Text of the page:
Nice Bundts 3I regularly enjoy half a Bundtlet with my afternoon tea. The frosting-to-cake ratio is extremely satisfying, particularly if you let the cake reach room temperature so that the frosting becomes smooth and spreadable. Kirsti likes to offer a tray of Bundtinis on the dessert table when she’s having a party. Convenient and portable in their sturdy paper cups, they are just the right sweet bite to carry around as you mix and mingle. For my birthday a couple of years ago, I decided to invite people over for dessert, at which I served a 10″ Bundt cake. It was the best turnout I’ve had in years.

Visit the Nothing Bundt Cakes website to find a location near you and pop in for a sample. You can also follow them on Facebook or sign up on their website to receive updates about special promotions and coupons. Over time, this can save you a Bundtle—and that’s the icing on the cake.

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Nothing Bundt Cakes

 

*There are few things I can get more whipped up about than whipped cream frosting. If I don’t feel the grease on my lips, it isn’t frosting!

 

Bliss and Vinegar

Author: Kirsten K., Food, Food & Drink, Recipes, Savories, Snacks, Starters, Sweets
Bliss and Vinegar 1

Traditional Style Aged Balsamic Vinegar from Sutter Buttes Olive Oil Co.

As the saying goes, you can catch more flies with honey than with vinegar, but a friend recently introduced me to one brand of vinegar that might just lure the flies away from the honey pot. Mika is a true foodie, so when she tells me she’s discovered a culinary treasure, I pay attention. On a trip to Northern California, she visited Sutter Buttes Olive Oil Co. and, though they are known for their olive oil (natch), Mika fell hard for their Traditional Style Aged Balsamic Vinegar. Having lived in Italy twice, she knows a swoon-worthy balsamic when she tastes one.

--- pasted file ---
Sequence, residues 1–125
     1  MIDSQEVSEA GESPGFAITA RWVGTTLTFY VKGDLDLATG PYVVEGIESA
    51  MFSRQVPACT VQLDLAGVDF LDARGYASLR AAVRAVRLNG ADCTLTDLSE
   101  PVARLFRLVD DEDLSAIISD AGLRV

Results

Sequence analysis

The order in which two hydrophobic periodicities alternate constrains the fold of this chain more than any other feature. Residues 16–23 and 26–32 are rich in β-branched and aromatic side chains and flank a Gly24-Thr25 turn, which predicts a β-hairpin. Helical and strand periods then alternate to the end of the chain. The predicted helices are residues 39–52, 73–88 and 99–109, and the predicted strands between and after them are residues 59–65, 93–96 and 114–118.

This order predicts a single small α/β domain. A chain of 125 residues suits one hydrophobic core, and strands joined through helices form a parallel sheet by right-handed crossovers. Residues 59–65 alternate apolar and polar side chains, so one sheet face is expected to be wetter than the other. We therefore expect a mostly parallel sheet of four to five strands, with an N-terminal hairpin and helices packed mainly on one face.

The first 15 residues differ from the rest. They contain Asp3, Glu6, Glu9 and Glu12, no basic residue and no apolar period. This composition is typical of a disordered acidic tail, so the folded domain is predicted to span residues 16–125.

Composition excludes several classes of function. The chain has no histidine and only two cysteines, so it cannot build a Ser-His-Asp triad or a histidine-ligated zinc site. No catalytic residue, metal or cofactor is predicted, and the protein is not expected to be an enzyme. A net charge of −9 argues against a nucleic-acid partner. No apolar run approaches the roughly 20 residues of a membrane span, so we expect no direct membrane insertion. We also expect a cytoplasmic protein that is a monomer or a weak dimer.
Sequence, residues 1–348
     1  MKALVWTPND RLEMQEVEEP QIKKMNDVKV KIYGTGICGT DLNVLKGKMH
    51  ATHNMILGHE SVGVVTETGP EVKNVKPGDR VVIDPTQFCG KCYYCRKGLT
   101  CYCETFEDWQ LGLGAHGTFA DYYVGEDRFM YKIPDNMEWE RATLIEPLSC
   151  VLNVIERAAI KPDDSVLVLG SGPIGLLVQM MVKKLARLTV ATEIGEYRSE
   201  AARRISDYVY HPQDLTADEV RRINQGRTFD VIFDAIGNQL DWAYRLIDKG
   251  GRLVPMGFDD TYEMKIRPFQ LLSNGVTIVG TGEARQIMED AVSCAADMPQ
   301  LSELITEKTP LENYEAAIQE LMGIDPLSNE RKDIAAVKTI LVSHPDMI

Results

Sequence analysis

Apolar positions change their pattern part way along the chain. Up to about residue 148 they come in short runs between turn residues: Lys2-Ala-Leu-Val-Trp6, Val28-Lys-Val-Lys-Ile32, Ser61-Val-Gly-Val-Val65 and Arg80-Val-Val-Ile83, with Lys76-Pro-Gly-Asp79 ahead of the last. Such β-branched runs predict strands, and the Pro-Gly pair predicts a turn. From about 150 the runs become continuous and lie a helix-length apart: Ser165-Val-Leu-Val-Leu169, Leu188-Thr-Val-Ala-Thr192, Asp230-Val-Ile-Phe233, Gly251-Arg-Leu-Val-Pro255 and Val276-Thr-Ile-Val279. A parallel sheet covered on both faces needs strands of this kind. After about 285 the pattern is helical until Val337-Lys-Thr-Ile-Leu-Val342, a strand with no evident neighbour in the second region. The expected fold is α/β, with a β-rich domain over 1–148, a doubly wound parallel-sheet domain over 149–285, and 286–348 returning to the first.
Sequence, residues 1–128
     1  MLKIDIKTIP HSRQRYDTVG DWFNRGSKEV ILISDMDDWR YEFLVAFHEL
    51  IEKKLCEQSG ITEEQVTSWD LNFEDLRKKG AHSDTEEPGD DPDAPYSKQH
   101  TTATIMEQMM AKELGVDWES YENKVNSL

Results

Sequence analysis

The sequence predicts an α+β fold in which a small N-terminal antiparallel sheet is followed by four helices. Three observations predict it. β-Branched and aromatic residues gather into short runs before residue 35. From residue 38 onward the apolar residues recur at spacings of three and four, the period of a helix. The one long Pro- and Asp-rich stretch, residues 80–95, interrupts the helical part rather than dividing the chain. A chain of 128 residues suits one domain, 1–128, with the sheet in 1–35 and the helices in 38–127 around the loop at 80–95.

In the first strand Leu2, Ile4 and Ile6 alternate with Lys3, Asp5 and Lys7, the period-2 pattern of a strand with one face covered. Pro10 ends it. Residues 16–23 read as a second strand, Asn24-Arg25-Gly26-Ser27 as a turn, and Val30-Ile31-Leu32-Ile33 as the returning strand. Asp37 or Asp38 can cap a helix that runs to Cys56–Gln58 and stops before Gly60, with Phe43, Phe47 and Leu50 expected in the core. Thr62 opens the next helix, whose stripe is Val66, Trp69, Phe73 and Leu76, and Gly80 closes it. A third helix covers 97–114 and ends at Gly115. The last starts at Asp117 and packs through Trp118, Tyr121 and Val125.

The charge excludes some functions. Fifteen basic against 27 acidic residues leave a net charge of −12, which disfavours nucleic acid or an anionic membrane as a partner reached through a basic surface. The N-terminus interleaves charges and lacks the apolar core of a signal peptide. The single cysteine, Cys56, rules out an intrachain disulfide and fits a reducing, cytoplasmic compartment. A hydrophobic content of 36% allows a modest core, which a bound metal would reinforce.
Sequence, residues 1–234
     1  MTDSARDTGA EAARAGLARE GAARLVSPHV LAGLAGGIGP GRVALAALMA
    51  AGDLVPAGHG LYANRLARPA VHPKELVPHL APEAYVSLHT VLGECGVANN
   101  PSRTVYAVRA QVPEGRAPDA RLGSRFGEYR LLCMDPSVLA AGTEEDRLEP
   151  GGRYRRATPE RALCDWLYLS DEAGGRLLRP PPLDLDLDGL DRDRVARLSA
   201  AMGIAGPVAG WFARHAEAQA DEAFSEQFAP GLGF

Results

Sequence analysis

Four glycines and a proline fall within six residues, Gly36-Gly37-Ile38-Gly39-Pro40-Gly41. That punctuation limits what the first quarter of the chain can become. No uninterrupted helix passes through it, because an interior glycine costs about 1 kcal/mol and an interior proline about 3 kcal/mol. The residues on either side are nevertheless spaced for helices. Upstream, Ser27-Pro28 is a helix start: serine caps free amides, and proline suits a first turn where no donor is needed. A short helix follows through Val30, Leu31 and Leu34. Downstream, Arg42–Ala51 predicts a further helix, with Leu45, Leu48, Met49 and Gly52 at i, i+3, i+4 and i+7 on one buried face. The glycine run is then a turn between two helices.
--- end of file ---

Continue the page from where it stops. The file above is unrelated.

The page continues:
Bliss and Vinegar 2Balsamic vinegar (which contains no balsam and is not, strictly speaking, vinegar) has been produced in Italy for centuries, but it’s become so ubiquitous in recent years that many people don’t realize they are actually consuming a cheap imitation. That bargain bottle you scored at the market is probably inexpensive wine vinegar tarted up to look like the real thing. True balsamic vinegar comes only from Modena or Reggio Emilia in Italy, is aged anywhere from 12-100 years, and can be valued at hundreds of dollars a bottle.

Bliss and Vinegar 3Fortunately, you don’t have to break the bank to enjoy a true Italian balsamic vinegar. Sutter Buttes imports theirs from Modena and it is thick, sweet, and delicious. Barrel-aged up to 18 years, it has the glossy color and silky texture of a balsamic reduction, with just enough tang and acidity to complement savory dishes. In addition to the classic combo of olive oil and vinegar as a dip for bread, it can be used in salad dressings, drizzled over fruit and cheese, or—my personal favorite—spooned over vanilla ice cream.